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 Taylor Report 
 Taylor Report commentary
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The recent cataclysm in Beirut is being used by the usual neo-colonial suspects to try and pin the blame for the catastrophe on Hezbollah.

Hezbollah, of course, had nothing whatever to do with the disaster since it had no influence in the Port of Beirut. Hezbollah is a popular movement in Lebanon, responsible for driving the Israelis out of the country over a period of 18 years of armed struggle (1982-2000).

Today, Hezbollah is a very popular political party in many parts of the country, and a large party of the majority bloc in the Lebanese Parliament. Hezbollah is also part of the Resistance Front versus Israel and the USA, a front that also includes Iraq and Syria.

Just hours after the cataclysm, President Macron of France made a triumphal tour of the ruins in the port. He promised aid, but "NO BLANK CHEQUES." He demanded that the Lebanese pledge to reform their government first. Apparently, Macron has forgotten that France, as the post-WWI occupier of Lebanon, created a sectarian confessional form of government that ensured that minority Christians would remain in power and no national unity would ever emerge.

Lebanese and Western foreign media immediately lauded Macron and suggested that France assume control of Lebanon under trusteeship.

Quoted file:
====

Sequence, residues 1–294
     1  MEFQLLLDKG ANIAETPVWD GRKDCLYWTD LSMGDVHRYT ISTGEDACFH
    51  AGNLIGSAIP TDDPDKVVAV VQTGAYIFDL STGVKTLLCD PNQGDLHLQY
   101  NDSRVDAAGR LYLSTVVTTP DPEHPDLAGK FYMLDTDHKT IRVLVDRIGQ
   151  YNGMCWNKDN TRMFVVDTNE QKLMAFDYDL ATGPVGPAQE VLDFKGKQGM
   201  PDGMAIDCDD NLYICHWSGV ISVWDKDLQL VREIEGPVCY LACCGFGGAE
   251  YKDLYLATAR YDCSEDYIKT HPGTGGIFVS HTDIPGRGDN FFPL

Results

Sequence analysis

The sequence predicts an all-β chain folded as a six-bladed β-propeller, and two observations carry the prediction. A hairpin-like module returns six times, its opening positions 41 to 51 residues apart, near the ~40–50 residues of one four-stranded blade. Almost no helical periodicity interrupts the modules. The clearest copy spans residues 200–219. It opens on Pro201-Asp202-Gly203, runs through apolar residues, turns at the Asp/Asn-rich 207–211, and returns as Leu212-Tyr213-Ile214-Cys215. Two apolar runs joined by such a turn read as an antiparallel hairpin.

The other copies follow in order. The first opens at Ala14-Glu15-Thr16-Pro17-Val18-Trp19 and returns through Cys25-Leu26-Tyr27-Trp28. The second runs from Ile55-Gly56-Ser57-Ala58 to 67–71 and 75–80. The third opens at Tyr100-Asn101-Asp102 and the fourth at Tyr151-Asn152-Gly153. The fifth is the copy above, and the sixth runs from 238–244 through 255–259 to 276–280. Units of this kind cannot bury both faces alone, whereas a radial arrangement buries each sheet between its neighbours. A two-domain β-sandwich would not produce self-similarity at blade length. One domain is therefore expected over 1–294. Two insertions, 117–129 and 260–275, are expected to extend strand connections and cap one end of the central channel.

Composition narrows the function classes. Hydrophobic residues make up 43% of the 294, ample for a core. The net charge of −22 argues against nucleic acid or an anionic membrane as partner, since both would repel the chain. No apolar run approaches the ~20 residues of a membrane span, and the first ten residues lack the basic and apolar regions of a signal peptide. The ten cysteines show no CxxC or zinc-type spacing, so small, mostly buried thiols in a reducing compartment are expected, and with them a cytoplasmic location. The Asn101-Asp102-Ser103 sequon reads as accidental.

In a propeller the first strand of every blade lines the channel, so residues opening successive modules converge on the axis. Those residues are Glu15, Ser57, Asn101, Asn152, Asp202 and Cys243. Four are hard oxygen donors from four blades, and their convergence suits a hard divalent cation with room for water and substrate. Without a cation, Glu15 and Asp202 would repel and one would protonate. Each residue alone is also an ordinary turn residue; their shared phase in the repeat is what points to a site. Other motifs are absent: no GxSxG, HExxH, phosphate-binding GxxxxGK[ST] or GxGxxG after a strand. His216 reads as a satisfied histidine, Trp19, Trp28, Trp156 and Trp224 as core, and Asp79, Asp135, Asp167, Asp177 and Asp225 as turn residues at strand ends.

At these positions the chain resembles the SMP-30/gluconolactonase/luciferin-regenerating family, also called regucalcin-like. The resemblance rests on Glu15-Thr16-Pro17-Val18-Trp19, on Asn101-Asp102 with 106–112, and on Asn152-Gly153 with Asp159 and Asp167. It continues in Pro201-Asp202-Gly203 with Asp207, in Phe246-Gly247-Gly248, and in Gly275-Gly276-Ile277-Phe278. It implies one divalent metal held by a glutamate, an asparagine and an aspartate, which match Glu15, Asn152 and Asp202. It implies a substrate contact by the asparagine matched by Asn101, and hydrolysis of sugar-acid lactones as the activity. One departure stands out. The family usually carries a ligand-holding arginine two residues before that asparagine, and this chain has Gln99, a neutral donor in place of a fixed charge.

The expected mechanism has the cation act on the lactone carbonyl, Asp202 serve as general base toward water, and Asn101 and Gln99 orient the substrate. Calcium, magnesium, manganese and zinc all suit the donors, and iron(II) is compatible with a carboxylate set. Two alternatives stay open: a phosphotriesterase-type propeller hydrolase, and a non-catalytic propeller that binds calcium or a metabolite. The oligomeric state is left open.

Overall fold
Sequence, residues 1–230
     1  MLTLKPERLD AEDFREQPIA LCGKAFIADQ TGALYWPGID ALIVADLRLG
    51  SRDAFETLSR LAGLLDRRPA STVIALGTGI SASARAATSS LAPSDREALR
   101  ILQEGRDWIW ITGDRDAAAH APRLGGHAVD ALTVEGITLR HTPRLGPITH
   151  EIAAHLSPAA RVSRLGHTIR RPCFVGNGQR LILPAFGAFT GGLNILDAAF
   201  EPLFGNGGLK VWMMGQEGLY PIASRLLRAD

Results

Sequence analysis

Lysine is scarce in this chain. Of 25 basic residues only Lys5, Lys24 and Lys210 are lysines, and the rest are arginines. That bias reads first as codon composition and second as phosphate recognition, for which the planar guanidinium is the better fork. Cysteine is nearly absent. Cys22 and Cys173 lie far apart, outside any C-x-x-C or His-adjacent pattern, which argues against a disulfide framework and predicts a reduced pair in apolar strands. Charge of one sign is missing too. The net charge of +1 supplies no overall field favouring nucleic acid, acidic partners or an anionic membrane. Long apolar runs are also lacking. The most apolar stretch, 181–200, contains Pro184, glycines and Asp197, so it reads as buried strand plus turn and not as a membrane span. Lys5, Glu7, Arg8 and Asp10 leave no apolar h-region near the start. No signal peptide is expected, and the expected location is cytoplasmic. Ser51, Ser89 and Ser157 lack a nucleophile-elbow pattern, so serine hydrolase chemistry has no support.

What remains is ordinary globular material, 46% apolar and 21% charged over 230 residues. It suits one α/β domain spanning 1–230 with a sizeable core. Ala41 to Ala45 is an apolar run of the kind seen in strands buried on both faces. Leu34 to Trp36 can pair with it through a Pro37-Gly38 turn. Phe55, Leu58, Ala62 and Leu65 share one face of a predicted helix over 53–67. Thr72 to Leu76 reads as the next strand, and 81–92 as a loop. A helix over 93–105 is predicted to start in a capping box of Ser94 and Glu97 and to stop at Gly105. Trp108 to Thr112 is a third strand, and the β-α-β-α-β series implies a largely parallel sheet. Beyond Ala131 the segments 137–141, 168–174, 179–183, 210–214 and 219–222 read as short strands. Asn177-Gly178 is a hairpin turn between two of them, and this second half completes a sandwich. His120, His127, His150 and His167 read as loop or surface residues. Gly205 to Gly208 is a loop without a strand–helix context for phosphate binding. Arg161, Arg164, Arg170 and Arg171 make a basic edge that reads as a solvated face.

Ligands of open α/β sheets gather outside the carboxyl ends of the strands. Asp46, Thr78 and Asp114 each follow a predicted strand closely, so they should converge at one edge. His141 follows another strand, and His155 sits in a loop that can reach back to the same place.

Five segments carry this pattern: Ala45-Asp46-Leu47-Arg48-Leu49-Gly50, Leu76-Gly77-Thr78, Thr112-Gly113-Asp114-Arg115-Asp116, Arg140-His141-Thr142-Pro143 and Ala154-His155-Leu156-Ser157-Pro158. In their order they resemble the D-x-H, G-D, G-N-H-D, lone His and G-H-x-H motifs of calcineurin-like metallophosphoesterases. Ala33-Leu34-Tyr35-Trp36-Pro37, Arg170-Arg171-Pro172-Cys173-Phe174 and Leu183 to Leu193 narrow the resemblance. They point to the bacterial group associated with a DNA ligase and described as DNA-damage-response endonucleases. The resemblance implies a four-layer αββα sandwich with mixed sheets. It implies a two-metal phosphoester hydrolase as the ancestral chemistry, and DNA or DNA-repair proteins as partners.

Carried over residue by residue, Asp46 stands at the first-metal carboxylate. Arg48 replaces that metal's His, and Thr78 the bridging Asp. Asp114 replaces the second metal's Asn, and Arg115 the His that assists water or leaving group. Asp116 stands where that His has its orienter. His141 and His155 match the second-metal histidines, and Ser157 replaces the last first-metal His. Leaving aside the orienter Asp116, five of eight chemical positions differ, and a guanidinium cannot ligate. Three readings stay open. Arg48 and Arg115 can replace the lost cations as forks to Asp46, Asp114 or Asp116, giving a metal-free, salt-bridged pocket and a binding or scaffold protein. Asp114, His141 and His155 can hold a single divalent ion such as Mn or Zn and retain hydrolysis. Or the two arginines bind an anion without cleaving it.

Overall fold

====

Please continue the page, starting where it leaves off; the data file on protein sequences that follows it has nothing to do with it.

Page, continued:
Lebanon has been under political and economic attack long before the Beirut explosion. Macron's visit may be a foot-in-the-door for a Western humanitarian intervention under the guise of "aid," something similar to the turning of Libya into a failed state in 2011. The French and Western actions towards Lebanon should be understood in the context of destabilization efforts that have toppled a number of West Asian countries in recent years.

Hours after the explosion, hundreds of Syrian ambulances filled the highways into Lebanon, although Syria itself is under Western attack. The Syrian government also dispatched planeloads of supplies to the Lebanese Red Cross. Contrast this to Canadian PM Trudeau, who said he would send a few million in aid to Lebanon, but not to the government or Red Cross. Instead, it would only go to "Trusted NGOs."

It should be remembered, in the words of Syrian President Assad, that the day on which France was pushed out of Lebanon was the day it began conspiring to return.
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00:26:20 English 2020-08-10
 Toronto, Ontario
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